OGGM itself is a pure Python package, but it has several dependencies which are not trivial to install. The instructions below provide all the required detail and should work on any platform.
OGGM is fully tested with Python version 3.6 on Linux, and all versions above 3.4 should work as well. OGGM doesn’t work with Python 2.7.
OGGM itself should also work on Mac OS and Windows platforms, but we make no guarantee that our dependencies do.
Complete beginners should get familiar with Python and its packaging ecosystem before trying to install and run OGGM.
For most users we recommend following the steps here to install Python and the package dependencies with the conda package manager. Linux or Debian users and people with experience with pip can follow the specific instructions here to install with virtualenv.
- Standard SciPy stack:
- Configuration file parsing tool:
- GIS tools:
- Other libraries:
- progressbar2 (displays the download progress)
- bottleneck (speeds up xarray operations)
- dask (works nicely with xarray)
- python-colorspace (applies HCL-based color palettes to some graphics)
Install with conda (all platforms)¶
This is the recommended way to install OGGM.
You should have a recent version of the conda package manager. You can get conda by installing miniconda (the package manager alone - recommended) or anaconda (the full suite - with many packages you won’t need).
We recommend to create a specific environment for OGGM. In a terminal window, type:
conda create --name oggm_env python=3.X
3.X is the Python version shipped with conda (currently 3.6).
You can of course use any other name for your environment.
Don’t forget to activate it before going on:
source activate oggm_env
Install all OGGM dependencies from the
oggm conda channels:
conda install -c oggm -c conda-forge oggm-deps
oggm-deps package is a “meta package”. It does not contain any code but
will install all the packages OGGM needs automatically.
The conda-forge channel ensures that the complex package dependencies are handled correctly. Subsequent installations or upgrades from the default conda channel might brake the chain. We strongly recommend to always use the the conda-forge channel for your installation.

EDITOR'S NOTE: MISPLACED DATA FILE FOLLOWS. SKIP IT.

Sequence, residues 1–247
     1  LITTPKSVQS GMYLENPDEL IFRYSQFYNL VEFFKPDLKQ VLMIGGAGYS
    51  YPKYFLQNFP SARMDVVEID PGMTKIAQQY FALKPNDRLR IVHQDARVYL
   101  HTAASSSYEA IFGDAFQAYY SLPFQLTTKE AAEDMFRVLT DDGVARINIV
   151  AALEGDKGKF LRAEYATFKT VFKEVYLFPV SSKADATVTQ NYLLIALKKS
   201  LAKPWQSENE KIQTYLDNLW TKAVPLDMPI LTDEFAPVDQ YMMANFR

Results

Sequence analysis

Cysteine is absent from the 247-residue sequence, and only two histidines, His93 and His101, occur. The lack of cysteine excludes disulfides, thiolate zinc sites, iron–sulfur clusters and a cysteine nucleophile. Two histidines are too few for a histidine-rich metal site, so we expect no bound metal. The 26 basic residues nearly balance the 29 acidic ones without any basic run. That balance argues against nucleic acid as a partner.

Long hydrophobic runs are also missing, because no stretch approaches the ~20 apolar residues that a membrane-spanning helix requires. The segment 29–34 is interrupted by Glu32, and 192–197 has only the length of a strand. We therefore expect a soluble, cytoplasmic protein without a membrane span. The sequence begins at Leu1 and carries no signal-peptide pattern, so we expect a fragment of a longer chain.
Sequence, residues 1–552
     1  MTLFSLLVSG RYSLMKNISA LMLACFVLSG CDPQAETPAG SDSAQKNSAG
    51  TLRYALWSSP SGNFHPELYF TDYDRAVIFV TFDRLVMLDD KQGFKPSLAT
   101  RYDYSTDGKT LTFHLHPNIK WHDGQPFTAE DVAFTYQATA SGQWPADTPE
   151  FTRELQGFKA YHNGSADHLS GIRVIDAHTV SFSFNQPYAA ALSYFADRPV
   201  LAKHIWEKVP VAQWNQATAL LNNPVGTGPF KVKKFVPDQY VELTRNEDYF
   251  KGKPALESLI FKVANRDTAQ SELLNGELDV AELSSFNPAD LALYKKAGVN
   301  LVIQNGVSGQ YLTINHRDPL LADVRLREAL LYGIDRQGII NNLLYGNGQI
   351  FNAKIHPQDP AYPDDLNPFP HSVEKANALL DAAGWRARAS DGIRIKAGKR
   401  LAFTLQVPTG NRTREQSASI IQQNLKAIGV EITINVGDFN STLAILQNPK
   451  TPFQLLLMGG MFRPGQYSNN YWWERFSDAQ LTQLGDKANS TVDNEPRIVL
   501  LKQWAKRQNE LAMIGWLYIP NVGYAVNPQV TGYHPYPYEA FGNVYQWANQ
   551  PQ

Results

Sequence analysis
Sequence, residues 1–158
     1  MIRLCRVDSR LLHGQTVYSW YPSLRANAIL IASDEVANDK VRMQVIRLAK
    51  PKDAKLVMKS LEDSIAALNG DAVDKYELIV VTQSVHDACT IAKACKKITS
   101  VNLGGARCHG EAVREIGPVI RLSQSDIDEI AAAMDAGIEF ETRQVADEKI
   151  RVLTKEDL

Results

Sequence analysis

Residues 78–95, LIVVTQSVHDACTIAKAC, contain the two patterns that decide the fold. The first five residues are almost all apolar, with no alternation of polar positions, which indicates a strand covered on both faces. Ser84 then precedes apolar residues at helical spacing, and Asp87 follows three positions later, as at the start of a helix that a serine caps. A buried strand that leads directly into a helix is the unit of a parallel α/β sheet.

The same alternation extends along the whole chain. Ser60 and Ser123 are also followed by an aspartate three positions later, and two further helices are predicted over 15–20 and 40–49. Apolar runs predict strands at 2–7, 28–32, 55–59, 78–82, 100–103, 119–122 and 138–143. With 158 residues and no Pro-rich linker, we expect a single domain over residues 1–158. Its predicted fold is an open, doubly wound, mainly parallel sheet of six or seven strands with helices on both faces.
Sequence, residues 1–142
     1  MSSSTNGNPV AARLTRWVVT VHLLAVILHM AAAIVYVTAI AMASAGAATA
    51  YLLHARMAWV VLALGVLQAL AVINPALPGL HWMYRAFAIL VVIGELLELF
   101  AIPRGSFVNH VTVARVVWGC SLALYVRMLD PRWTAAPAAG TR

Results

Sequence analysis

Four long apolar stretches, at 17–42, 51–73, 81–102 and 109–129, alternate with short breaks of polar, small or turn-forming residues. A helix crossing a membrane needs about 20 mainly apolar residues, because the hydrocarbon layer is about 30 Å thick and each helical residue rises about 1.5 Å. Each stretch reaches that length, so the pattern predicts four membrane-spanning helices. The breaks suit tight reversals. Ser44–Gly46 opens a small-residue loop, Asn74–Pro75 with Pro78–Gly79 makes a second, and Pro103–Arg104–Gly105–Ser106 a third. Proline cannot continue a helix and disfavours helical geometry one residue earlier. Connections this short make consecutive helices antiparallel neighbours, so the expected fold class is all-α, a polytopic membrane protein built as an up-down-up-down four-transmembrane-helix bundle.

You might consider setting conda-forge (and
oggm) as your
conda config --add channels conda-forge conda config --add channels oggm
conda install -c conda-forge ipython jupyter
Install OGGM itself¶
First, choose which version of OGGM you would like to install:
- stable: this is the latest version officially released and has a fixed version number (e.g. v1.1).
- dev: this is the development version. It might contain new features and bug fixes, but is also likely to continue to change until a new release is made. This is the recommended way if you want to use the latest changes to the code.
- dev+code: this is the recommended way if you plan to explore the OGGM codebase, contribute to the model, and/or if you want to use the most recent model updates.
‣ install the stable version:
If you are using conda, you can install stable OGGM as a normal conda package:
conda install -c oggm oggm
If you are using pip, you can install OGGM from PyPI:
pip install oggm
‣ install the dev version:
For this to work you’ll need to have the git software installed on your system. In your conda environmnent, simply do:
pip install --upgrade git+https://github.com/OGGM/oggm.git
With this command you can also update an already installed OGGM version to the latest version.
‣ install the dev version + get access to the OGGM code:
For this to work you’ll need to have the git software installed on your system. Then, clone the latest repository version:
git clone https://github.com/OGGM/oggm.git
Then go to the project root directory:
And install OGGM in development mode (this is valid for both pip and conda environments):
pip install -e .